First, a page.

However, George Sanders steals the show for me each time as the diabolical critic. His voice always gets me, and I want to watch what he will do each time.

    As much as I like Judy Holliday, I do think Bette Davis (or Gloria Swanson) should have won the Oscar for this film. Both of those were powerhouse performances while Holliday's was comedic and did not require much depth in my opinion. But I digress.

    'All About Eve" is a film that you should not miss.
  • reb-warrior12 March 2017
    10/10
    All About Bette
    Warning: Spoilers
    I have never seen Bette Davis in anything before. I have to say what a spirited actress. I definitely will check her out in more movies. Now I understand the all praise of her that I've heard about over the years.

    Anne Baxter did a excellent job of playing Eve with a subtle slow arch.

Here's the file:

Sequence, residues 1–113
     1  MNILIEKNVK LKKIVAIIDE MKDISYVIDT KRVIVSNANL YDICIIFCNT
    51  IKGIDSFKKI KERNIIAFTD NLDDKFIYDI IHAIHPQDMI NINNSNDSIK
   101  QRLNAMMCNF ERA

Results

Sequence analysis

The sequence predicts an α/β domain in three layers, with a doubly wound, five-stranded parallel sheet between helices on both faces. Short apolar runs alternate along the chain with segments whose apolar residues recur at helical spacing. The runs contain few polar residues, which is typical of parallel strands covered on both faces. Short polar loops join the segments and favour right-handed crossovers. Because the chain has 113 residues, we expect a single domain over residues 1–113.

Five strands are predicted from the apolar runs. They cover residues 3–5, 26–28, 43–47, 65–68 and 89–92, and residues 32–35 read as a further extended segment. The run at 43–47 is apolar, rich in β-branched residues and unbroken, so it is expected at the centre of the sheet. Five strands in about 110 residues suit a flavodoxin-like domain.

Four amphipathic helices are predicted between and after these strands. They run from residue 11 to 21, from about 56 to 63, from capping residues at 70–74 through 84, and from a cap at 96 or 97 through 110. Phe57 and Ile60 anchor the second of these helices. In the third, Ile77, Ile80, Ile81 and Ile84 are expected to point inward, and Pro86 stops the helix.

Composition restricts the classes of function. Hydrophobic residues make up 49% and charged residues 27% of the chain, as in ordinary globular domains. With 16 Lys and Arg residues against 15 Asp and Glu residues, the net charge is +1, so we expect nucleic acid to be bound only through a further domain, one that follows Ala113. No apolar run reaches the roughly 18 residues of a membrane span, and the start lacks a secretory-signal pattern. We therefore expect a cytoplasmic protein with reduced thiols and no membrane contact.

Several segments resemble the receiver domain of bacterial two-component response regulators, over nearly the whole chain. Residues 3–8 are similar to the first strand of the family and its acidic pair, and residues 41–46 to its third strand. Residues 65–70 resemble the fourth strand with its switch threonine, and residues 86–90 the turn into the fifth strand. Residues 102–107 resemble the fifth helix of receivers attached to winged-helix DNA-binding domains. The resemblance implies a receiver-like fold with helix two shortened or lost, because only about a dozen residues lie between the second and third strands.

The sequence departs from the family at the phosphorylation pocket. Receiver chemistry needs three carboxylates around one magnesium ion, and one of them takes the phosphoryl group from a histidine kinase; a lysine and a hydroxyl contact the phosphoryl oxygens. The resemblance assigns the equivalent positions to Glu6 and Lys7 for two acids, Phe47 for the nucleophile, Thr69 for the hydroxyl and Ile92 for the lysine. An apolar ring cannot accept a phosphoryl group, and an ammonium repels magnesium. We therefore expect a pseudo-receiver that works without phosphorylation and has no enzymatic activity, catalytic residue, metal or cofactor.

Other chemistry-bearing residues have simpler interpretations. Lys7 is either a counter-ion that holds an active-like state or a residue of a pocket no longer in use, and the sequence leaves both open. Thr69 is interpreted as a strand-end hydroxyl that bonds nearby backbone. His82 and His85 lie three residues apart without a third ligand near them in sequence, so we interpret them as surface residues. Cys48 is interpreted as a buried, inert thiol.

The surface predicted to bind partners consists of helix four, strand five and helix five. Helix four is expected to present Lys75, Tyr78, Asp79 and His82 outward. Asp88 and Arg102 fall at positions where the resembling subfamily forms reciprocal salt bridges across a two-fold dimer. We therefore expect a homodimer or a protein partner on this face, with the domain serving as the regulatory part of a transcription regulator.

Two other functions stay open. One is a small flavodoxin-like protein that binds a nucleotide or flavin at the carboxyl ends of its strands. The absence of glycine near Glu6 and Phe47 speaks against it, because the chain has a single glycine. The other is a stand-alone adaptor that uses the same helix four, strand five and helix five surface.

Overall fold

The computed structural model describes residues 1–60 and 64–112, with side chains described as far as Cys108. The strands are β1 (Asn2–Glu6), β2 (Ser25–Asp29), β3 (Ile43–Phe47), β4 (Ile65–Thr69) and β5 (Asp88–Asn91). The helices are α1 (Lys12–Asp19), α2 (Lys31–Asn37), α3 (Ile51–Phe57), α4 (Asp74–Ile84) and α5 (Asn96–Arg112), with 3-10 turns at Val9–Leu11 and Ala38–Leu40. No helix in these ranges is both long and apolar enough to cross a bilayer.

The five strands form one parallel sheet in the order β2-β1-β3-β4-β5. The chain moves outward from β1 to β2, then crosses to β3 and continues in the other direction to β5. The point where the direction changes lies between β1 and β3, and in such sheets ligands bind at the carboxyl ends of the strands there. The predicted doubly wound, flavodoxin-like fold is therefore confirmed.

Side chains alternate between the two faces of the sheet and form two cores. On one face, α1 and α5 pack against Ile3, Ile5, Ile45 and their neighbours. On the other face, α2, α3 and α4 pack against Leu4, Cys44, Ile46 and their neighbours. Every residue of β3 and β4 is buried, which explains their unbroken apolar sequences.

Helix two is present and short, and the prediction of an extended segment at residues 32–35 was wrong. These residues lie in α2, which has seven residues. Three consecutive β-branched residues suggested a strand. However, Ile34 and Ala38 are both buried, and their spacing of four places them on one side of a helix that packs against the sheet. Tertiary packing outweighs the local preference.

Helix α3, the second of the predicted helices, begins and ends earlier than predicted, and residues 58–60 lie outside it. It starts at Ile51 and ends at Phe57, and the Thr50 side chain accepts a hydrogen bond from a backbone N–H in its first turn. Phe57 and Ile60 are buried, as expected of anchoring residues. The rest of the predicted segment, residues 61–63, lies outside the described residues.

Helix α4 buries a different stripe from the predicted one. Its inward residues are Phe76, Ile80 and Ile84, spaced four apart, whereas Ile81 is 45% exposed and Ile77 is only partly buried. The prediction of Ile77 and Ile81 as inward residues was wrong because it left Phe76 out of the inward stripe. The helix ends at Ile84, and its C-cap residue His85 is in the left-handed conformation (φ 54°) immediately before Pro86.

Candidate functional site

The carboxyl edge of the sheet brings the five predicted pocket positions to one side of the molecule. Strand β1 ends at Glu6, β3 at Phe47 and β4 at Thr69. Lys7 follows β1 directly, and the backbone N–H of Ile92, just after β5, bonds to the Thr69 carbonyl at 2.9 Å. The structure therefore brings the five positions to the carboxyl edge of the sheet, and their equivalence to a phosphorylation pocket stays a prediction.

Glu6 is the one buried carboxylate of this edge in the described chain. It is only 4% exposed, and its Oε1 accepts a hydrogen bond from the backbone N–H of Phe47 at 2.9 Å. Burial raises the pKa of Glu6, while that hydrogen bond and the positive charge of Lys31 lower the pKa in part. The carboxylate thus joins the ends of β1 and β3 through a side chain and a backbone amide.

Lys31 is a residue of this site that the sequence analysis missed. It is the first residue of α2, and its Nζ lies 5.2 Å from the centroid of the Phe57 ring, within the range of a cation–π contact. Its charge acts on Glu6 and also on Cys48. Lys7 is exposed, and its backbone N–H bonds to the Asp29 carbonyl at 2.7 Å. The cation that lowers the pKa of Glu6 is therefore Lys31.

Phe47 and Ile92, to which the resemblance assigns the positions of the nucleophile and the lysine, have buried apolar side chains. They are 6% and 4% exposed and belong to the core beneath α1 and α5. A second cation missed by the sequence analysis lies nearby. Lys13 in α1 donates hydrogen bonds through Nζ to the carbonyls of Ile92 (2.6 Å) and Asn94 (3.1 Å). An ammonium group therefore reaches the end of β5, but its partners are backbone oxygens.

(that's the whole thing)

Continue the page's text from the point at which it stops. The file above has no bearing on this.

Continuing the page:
As for the movie, all the actors were excellent. I can't find a negative thing to say. It uses flashbacks to tell the story. The plot isn't really a great epic thing. It's about a younger apparently nice women that insinuates herself into an older actress' life and manipulates people to get what she wants, stepping all over them. But what makes it special is that it's like a character study in motion. You see the characters develop as the story develops until it comes full circle right back to the beginning, just before the flashbacks start. The conclusions you drew about the characters at the beginning will be significantly changed by the end.

    The ending has irony at play, and leaves the viewer satisfied that karmic payback is definitely at work. 10/10
  • Michael_Elliott8 March 2017
    Bitterly Funny and Perfectly Acted
    All About Eve (1950)

    **** (out of 4)

    Broadway star Margo Channing (Bette Davis) invites a woman named Eve (Anne Baxter) into her life because she's an adoring fan but before long the much older Margo begins to fear that the younger woman wants more than friendship. Soon Eve's plans of becoming a star herself come out and she's not going to let anything get into her way.